[Control: A History of Behavioral Psychology]

By Mills, John A.; Danziger, Kurt | Canadian Psychology, August 1999 | Go to article overview

[Control: A History of Behavioral Psychology]


Mills, John A., Danziger, Kurt, Canadian Psychology


JOHN A. MILLS

Control: A History of Behavioral Psychology

New York: New York University Press, 1998,

246 pages (ISBN 0-8147-5611-5, US$37.50, Hardcover)

Reviewed by KURT DANZIGER

Another history of behaviourism? The title of John Mills' book promises more than that, and it is a promise richly fulfilled by the text. Behaviourism in the narrow sense may now be a topic of essentially historical interest, but behavioural science is quite another matter. American (including Canadian) psychologists, as Mills reminds us, "are trained to think behavioristically from their earliest undergraduate years, usually without being made aware, or realizing, that this is the case" (p. 1). Within this academic culture, behaviouristic assumptions and precepts have acquired a self-evident status that goes with low visibility.

If better vision is desired, Mills' book will supply the necessary corrective. It does so by stepping outside the present and examining the stations on the path followed by behaviourist thought and practice in its conquest of the discipline. Although these broader effects are a constant presence, the examination is conducted with scrupulous attention to specific historical evidence. Mills not only engages the considerable secondary literature in fruitful discussion but also marshals important facts and insights gained from his own archival research on the unpublished correspondence, diaries, and seminar notes of key figures. Without such evidence, who would have suspected, for example, that behind the apparent aridity of Hull's neobehaviourist system there lurked a determination to offer a homegrown American alternative to the alien import of Gestalt psychology?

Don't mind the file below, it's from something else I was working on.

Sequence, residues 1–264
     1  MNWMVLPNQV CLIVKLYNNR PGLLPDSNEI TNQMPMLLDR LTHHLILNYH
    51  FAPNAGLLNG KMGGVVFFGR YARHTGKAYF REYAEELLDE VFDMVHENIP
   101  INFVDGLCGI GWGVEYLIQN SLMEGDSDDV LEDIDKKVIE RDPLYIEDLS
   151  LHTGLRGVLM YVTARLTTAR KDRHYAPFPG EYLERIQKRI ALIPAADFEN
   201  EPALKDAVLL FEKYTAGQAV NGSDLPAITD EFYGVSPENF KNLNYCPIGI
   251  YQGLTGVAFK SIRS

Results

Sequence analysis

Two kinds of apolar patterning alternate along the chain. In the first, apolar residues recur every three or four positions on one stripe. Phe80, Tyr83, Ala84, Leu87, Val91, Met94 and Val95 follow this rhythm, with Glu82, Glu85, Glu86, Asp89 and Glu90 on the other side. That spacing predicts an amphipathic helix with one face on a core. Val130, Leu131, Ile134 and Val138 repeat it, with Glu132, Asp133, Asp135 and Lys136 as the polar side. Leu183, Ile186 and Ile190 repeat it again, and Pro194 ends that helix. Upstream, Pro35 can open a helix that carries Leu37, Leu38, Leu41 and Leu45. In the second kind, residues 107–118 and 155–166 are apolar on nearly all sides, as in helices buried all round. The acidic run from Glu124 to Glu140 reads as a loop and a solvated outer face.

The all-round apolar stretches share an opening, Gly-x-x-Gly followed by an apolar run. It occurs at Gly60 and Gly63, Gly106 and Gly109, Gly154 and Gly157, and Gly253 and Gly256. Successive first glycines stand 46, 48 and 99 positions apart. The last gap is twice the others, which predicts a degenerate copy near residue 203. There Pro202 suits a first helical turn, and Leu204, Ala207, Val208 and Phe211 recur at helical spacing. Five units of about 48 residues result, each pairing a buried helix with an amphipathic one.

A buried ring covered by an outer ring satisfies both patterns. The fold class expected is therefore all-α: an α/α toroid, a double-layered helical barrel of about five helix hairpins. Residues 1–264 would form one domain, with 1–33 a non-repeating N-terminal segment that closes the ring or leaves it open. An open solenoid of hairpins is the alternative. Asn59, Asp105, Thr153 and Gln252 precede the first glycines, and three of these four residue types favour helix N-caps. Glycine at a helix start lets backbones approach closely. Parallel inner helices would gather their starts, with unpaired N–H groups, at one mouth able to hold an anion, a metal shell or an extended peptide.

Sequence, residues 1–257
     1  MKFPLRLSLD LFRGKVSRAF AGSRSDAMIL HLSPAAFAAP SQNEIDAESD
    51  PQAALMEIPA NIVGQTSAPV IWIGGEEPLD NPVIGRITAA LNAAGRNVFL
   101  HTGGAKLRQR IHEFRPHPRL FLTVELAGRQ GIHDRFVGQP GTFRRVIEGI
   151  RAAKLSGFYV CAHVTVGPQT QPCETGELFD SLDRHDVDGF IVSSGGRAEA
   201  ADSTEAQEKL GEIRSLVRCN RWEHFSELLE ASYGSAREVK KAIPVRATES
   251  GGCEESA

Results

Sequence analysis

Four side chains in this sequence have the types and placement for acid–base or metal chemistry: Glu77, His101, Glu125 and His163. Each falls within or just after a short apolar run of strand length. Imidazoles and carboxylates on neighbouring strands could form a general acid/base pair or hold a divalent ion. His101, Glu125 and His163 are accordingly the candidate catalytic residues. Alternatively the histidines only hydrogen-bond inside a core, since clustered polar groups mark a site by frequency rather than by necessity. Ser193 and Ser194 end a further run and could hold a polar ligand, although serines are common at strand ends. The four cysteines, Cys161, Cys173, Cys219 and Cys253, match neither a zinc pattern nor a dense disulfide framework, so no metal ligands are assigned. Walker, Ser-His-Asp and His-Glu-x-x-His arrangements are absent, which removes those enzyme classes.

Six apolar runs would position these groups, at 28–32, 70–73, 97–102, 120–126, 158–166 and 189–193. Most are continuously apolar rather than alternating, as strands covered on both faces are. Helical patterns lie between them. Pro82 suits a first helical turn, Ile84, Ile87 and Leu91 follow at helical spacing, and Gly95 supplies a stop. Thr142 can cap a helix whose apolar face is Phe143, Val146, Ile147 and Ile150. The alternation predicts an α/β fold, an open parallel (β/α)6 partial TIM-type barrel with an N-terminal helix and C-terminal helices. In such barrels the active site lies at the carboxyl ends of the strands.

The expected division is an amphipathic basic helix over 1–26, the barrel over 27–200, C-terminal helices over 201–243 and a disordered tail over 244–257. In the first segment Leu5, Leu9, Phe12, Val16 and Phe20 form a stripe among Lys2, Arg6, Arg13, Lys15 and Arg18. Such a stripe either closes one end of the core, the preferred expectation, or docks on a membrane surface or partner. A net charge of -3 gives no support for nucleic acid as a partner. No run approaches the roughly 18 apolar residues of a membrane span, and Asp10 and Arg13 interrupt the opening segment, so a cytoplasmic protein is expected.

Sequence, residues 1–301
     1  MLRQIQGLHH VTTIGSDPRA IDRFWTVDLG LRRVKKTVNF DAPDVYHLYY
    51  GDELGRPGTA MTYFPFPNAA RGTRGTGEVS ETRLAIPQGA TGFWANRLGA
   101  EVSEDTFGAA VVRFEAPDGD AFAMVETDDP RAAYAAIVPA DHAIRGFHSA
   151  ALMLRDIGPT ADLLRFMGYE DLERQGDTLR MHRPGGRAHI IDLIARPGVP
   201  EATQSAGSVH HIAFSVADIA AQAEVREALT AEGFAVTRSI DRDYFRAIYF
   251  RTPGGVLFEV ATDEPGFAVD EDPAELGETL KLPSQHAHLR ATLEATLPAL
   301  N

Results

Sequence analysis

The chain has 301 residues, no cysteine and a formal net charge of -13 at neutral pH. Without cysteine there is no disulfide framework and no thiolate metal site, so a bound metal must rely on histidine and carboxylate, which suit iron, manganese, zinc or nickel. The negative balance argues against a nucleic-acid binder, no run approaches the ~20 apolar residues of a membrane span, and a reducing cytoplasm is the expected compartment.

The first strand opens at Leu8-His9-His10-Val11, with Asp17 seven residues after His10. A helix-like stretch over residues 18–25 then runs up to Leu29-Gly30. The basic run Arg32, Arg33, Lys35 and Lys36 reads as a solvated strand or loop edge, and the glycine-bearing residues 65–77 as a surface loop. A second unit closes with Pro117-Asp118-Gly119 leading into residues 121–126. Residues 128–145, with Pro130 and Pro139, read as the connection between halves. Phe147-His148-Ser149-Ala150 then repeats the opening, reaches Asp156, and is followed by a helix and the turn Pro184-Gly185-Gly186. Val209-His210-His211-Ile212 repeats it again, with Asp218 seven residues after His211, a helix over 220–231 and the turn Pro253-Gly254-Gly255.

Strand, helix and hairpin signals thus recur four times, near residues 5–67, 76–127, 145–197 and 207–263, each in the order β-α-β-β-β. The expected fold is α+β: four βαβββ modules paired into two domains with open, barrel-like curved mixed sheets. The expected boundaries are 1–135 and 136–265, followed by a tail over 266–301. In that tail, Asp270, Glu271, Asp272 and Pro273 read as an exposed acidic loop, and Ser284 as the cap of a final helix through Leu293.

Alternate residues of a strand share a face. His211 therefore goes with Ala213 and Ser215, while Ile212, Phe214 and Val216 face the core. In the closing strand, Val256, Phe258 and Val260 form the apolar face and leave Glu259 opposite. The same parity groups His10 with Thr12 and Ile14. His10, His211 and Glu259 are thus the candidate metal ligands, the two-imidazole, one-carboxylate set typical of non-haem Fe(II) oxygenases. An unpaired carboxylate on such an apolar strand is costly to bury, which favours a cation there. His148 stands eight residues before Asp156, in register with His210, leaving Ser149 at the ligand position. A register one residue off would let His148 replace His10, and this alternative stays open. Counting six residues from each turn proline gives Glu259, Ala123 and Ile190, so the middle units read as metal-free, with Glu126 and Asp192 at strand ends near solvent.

But if such revelations are to become more than historical curiosities they need to be seen in broader perspective. And Mills' book provides the basis for that too. To continue with the example, the Americanism of the behavioural approach emerges in several different contexts and at a number of levels. Not only were there early and persisting links between this approach and the politics of American Progressivism, but in its ultimate values and commitments behavioural science was deeply beholden to the pragmatic variants of positivism current in North America rather than to the logical positivism imported from Europe.

Such insights into the social and intellectual context of behaviourism and its progeny are not new, but Mills certainly offers the most comprehensive, accessible, and elegantly argued account of the topic that is currently available. Moreover, he balances contextualist history with detailed analyses of significant issues that arose in the course of psychological research in the behaviourist mode. Here you will find all you ever wanted to know but were afraid to ask about such topics as Hull's goal gradient hypothesis or Skinnerian autoclitics.

Mills' most important contribution, however, lies in his masterly analysis of the presuppositions that characterize the behavioural approach. …

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